Helping hands are better than praying lips: reflections on the 2012 Summit

Blog post

Published: 09/03/2012

High stakes with the Health and Social Care Bill last week. But at our Health Policy Summit 2012 we pushed aside for a minute big reform, structures, and long run consensus-dividers such as competition/choice, public/private, and command versus autonomy.

Instead, we majored on – as guest Don Berwick so thoughtfully put it – ‘contextually adaptive changes’.

A physician who was formerly chief of the Centers for Medicaid and Medicare and the Institute for Healthcare Improvement, Don was upbeat that with the right changes productivity levels could be doubled.

Some ingredients: use data to point out variations, ‘put the patient in the room’ when designing all levels of care to avoid a compassion desert, and use the power of government to accelerate progress.

For Dr Devi Shetty, dubbed by the Washington Post as the ‘Henry Ford’ cardiac surgeon in India, the route to high quality bypass surgery for low cost (currently $1200 in his centres) included a motivated workforce selected and trained locally, high volume 24/7 surgery and daily data, on activity and cost relative to income, texted to clinical personnel.

He aims to reduce costs to $800 to make cardiac surgery more affordable for those who need it. Add to this pizzazz his useable maxim from former patient Mother Teresa: 'Helping hands are better than praying lips' and the result was no less than inspiring.

What sort of ingredients would glue together networks of providers to do the right thing e.g. coordinate, take risk, deliver high quality, to time and on budget?

Iain McCormick from New Zealand explained how alliance contracting has successfully worked down under in other industries as well as health care; and John Macaskill-Smith, CEO of Midlands Health Network (an independent practitioner association) in New Zealand, gave more details of this and other attempts to develop integrated health care.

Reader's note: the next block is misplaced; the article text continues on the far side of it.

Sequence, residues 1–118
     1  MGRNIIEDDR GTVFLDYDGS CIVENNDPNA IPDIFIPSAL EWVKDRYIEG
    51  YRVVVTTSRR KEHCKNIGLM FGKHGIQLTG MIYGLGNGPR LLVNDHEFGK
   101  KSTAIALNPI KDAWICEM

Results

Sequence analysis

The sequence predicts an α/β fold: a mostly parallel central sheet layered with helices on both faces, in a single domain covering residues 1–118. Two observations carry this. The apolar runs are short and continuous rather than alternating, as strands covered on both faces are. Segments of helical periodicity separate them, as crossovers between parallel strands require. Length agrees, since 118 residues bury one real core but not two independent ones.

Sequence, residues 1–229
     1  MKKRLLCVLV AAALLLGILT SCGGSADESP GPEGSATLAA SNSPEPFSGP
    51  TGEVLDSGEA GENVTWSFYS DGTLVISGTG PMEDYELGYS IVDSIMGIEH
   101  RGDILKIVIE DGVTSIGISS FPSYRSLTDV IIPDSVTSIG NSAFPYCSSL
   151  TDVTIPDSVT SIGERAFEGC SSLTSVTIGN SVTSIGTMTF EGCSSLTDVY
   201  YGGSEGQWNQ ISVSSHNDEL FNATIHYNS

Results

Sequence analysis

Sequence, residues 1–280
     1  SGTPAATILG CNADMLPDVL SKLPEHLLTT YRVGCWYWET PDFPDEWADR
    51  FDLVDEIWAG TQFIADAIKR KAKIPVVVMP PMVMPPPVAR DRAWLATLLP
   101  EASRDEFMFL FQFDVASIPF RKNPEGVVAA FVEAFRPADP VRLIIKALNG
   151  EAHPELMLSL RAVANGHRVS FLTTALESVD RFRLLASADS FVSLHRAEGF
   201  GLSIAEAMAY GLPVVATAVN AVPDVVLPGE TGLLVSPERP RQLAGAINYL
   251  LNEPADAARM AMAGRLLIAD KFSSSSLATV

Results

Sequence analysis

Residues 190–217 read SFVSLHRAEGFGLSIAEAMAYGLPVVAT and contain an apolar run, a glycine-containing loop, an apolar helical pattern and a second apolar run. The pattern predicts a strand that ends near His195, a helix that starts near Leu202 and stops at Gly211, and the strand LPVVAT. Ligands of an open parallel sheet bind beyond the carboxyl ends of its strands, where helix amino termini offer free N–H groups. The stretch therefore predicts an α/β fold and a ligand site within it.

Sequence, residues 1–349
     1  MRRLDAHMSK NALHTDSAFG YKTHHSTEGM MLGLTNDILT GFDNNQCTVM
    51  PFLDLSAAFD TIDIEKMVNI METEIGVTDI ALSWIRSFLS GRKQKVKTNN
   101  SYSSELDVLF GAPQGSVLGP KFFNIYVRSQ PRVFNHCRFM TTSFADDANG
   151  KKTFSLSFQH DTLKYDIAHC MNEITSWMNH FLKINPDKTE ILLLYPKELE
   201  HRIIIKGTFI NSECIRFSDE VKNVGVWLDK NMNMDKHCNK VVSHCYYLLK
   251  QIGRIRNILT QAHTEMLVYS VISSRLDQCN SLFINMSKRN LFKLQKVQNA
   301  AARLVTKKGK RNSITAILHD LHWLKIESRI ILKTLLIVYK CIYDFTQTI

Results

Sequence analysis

Following a recent trip over here, he remarked on the lack of strategy for developing primary care. Put this with increasing gripes from GPs about making ends meet (when we all thought they were stuffed with gold) and it is an area worth more analysis. We are on the case.

While we’d busily spent 36 hours discussing innovation in health care, our Summit ended with prodding the politicians on how they might innovate to prevent another textbook case in how not to reform the NHS.

Stephen Dorrell, Shirley Williams and Paul Corrigan (Andy Burnham and Liz Kendall on a Labour Party away day) discussed this exam question and others.

The answer... sigh... was not that hopeful, other than the need for strict induction for ministers, continuous quality monitoring, performance related pay against targets with withholds, and competition from any qualified politician. OK, I made that last bit up – but worth a randomised controlled trial?

Away from the Summit we attempted to short cut what could be a somewhat tedious discussion about rationing by publishing an analysis on whether it is time for the NHS to specify a ‘benefits package’ of what is or is not funded on the NHS.

‘No’ is our conclusion, but the report generated a lively debate and tweet flurry at a packed Royal College of Surgeons of England the other evening. Catch up on video interviews with the panellists...

Ah, and the Bill. Bumping into a demonstration outside BMA House last week I reflected that ‘to protect quality and solidarity, change is urgent’ would fit less neatly on a placard than the standard ‘Keep our NHS public’ or ‘No to NHS cuts’. Too bad.

Suggested citation

Dixon J (2012) ‘Helping hands are better than praying lips: reflections on the 2012 Summit’. Nuffield Trust comment, 9 March 2012.